So if you're able to find a job that pays decently and you're able to keep it, good on you. But if you lose it you may find yourself out there working in some flavor of the service industry. But that's not what we sell ourselves, and that's certainly not what we sell our students. In point of fact, as near as I can tell, the whole issue of what students should do with their education and where they should go for work is something of a black box - in high school we're focused on preparing our charges for college, which begs the question as to what the 50% or better who either don't go to college or otherwise don't finish college should be doing, and whether they might have been better served with some realistic job counseling/training while they were a junior or senior in high school. But heck, even if they walk out the door with a good job in hand, as many an airline mechanic surely thought they had, they could well enough still face the possibility of losing that job and then find themselves vying for what's left out with everyone else out there.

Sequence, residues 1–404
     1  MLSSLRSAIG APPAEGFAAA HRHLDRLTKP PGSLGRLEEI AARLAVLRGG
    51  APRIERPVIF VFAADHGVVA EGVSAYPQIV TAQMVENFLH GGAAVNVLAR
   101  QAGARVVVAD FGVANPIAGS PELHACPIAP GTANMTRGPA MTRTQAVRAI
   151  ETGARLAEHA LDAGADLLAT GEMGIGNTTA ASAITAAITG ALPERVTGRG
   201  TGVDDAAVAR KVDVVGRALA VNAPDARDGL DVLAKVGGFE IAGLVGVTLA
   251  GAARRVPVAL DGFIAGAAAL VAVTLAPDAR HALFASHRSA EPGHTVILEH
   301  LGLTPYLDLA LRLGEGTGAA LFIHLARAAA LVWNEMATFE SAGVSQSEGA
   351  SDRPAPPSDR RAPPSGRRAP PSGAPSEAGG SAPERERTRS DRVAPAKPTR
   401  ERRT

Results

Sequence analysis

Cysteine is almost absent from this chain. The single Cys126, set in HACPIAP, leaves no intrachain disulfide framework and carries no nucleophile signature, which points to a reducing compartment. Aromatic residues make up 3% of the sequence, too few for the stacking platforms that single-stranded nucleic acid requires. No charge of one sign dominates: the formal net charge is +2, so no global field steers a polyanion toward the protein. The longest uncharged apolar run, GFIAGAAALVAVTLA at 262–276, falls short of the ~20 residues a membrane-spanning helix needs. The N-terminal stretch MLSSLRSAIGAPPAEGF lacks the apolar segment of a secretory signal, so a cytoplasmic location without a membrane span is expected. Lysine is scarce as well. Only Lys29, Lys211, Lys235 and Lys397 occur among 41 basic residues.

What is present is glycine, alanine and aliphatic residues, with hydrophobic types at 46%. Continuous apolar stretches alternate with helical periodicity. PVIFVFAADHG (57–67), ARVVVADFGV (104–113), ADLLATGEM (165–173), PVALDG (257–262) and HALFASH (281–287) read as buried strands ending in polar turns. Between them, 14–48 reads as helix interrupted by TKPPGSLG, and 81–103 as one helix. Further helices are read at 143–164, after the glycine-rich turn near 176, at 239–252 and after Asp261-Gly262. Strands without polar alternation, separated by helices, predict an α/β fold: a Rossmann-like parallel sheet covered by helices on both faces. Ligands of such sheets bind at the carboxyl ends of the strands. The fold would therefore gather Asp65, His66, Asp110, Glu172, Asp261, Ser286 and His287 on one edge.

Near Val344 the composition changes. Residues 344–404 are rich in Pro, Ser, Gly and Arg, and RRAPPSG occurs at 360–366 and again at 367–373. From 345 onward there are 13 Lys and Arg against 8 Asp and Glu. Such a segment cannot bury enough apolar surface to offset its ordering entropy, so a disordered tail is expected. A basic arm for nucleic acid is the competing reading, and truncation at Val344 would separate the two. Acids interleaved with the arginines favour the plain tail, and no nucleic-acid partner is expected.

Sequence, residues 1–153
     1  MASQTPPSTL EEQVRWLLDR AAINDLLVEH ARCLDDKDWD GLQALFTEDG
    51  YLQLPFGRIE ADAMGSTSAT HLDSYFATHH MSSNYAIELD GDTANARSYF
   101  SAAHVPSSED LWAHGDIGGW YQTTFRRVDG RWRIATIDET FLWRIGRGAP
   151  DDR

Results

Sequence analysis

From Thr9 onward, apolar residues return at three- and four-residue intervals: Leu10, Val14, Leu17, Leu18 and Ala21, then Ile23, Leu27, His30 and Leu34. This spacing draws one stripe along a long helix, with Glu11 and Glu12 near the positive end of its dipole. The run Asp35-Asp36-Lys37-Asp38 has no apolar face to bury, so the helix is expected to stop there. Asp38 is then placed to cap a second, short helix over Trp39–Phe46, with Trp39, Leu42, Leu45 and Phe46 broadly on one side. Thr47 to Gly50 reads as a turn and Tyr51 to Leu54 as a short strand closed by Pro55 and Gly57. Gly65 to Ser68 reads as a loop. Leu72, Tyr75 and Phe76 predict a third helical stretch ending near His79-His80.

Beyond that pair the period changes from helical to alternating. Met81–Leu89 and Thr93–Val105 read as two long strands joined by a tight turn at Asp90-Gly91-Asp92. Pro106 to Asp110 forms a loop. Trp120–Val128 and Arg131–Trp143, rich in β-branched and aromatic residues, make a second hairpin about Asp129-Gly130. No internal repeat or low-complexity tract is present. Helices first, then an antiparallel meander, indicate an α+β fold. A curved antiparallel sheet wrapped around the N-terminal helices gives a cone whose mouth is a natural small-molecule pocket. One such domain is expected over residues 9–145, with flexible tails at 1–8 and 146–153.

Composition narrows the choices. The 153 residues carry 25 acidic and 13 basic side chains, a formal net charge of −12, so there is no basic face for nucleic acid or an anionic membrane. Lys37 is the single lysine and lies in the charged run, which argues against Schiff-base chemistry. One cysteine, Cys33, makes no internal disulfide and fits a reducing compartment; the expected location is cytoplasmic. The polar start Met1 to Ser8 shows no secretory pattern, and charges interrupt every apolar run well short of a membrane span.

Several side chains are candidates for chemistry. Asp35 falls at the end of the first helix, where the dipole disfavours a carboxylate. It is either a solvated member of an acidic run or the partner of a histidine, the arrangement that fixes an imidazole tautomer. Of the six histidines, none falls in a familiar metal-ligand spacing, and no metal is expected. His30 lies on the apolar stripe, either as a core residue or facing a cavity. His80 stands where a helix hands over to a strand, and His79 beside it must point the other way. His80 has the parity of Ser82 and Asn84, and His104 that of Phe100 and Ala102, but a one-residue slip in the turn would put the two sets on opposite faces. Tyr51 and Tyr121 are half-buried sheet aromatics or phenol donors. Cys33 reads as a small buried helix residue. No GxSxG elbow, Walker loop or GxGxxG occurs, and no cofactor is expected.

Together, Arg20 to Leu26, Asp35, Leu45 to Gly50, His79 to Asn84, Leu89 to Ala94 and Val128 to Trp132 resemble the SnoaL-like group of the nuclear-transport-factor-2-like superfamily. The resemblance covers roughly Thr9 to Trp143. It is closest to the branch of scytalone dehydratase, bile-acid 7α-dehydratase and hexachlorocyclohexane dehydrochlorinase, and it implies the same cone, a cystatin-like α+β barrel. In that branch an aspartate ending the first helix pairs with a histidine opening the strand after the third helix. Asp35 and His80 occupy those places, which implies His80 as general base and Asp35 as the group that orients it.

I'm told, and surely read enough about it, that we're not training our students sufficiently in the math and sciences. Being a chemistry teacher I can attest to that with the paucity of infrastructure and pedagogical investment being a real problem. But what, exactly, are we training these kids for? Some know they want to be doctors, engineers, physical therapists, or nurses, so they're not so hard to get on the right track. But what are the other kids, the vast majority as it stands, supposed to be looking forward to in the future? How are we supposed to prepare out students for jobs in a realistic fashion when life-long employment no longer is a reasonable expectation, outsourcing, overseas and here in the U.S., is taking jobs left and right, and the protection that our parents once may have enjoyed from unions has withered away to the point where non-union jobs are the ones most directly in competition to union ones, as the United aircraft mechanics discovered to their dismay? I think these are important questions, and in all honesty I don't see much being done to address them, but I know that politicians love NCLB and think we should be doing a better job at teaching math and science, for what specific purpose it seems we all just somehow know without really being sure.